Cover image for Junius Brutus Booth theatrical Prometheus
Junius Brutus Booth theatrical Prometheus
Publication Information:
Carbondale : Southern Illinois University Press, c1992.


Physical Description:
xiv, 346 p. : ill.
Added Corporate Author:


Material Type
Shelf Number
Ebook XX(1399241.1) 1

On Order



In this, the first thoroughly researched scholarly biography of Junius Brutus Booth, Stephen M. Archer reveals Booth to have been an actor of considerable range and a man of sensitivity and intellect. Archer provides a clear account of the actor s professional and personal life and places him in relationship to his contemporaries, particularly Edmund Kean and William Charles Macready.

Indeed, he begins the book on February 20, 1817, as Booth first confronts Kean on the Drury Lane stage. Archer then provides a chronological account of Booth s life, summarizing and assessing his career by drawing upon the opinions of his fellow actors as well as of the critics and scholars of the day. From 1817 to 1852 Booth toured throughout North America, enjoying a reputation as the most distinguished Shakespearean tragedian on the American continent. Still, he yearned for success on the British stage, a goal he never attained. His public image as a drunken, dangerous lunatic obscured a private life filled with the richness of a close and loyal family and an appreciation for living.

The worldwide fame assured for the Booth family by John Wilkes Booth s bone-shattering leap from the President s box had eluded Junius Brutus Booth throughout his lifelong exile in America. But from that event until today, no American family of actors not the Barrymores, the Drews, the Jeffersons, not even the Fondas has stimulated such scrutiny as the Booths.

After Junius Brutus Booth s death, the actor s wife, in an attempt to preserve family dignity and privacy, burned the bulk of his letters and papers. In spite of this, Archer has done a remarkable job of reconstructing Booth s life and career. Eight years of research, pursuing Booth from Amsterdam to San Francisco, has resulted in an accurate, fascinating narrative that both records and illuminates the actor s life with objectivity and perception. Archer follows Junius Brutus Booth in unprecedented detail as the actor deserts his wife and child to come to America with a pregnant Covent Garden flower girl. His American adventure lasted thirty-five years and ended with his death on a steamboat on the Mississippi River after having played his final engagement in New Orleans.

Archer concludes by tracing the lives and fortunes of Booth s immediate family. He also provides a complete performance record, including every known performance of Booth s, indicating date, place, theatre, whether or not it was a benefit, and the terms under which the actor appeared.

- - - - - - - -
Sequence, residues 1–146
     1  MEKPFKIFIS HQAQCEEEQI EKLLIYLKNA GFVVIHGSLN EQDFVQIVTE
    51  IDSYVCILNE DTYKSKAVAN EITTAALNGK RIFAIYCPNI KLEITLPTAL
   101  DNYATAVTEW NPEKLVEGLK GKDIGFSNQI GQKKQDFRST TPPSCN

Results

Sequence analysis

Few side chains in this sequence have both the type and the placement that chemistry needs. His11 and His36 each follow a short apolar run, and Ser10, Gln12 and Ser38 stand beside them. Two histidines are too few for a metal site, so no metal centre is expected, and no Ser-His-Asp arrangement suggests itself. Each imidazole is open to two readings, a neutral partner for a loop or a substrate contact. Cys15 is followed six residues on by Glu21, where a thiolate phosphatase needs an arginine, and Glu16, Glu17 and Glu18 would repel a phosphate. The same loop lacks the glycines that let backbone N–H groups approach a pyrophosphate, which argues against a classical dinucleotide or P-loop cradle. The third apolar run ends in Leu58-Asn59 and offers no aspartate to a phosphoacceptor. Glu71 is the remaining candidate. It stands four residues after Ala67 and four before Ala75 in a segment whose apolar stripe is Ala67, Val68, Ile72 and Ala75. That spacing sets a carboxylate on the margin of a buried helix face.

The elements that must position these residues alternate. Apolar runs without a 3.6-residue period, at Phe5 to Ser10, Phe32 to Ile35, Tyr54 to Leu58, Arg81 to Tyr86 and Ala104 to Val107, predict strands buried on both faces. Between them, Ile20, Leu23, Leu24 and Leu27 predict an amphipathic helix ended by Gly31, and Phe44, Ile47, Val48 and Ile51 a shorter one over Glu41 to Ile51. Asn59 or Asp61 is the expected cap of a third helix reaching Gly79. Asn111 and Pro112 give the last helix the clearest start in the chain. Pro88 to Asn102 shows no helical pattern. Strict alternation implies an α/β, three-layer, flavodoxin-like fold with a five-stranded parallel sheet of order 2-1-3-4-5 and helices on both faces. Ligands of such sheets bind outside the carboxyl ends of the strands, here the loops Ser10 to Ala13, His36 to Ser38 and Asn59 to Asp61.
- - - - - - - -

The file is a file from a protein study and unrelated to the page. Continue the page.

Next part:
This riveting and absorbing work will interest scholars of American theatrical history, the history of Shakespeare on stage, and American cultural history."

Reviews 1

Choice Review

The most enduring legacy of Junius Brutus Booth, an unsuccessful rival to Edmund Kean in his native England who became America's first and foremost tragedian, was his two actor sons, one famous and one infamous: Edwin and John Wilkes Booth. The theatrical career of the elder Booth, of whom many an embellished tale was told but whose personal records were destroyed by his widow, has been reconstituted by Stephen Archer in impressive detail, including an appendix listing every known performance from 1815 to 1852. Archer is disappointingly, perhaps intentionally, reticent in assessing Booth the man and artist. The reader is often left to interpret the abundantly quoted evidence of letters, contemporary estimates, and reviews as to the nature of this complex, troubled man. High-strung perhaps to the point of madness, Booth was a devoted family man and farmer almost perpetually on the road, an intellectual most at ease with ordinary folk, an abstemious vegetarian and pacifist except for the many times when drink made him violent and unaccountable. Even in a brief coda Archer relies primarily on the words of Edwin Booth and others to flesh out and articulate the bare factual bones. An abundance of well-chosen illustrations and amplifying notes that identify the many theatrical names in the text enrich this informative if somewhat tedious narrative. Advanced undergraduate; graduate; faculty. J. Ellis; formerly, Mount Holyoke College

Table of Contents

Illustrationsp. ix
Acknowledgmentsp. xi
Introductionp. xiii
1 A Gentleman of the Name of Boothp. 1
2 Showdown at Old Druryp. 21
3 This Englandp. 47
4 An Object of Interestp. 68
5 The Fire Must Burnp. 105
6 An Apparent Heirp. 144
7 No More in This Worldp. 177
8 Codap. 224
Appendix Recorded Engagementsp. 243
Notesp. 279
Works Citedp. 327
Indexp. 339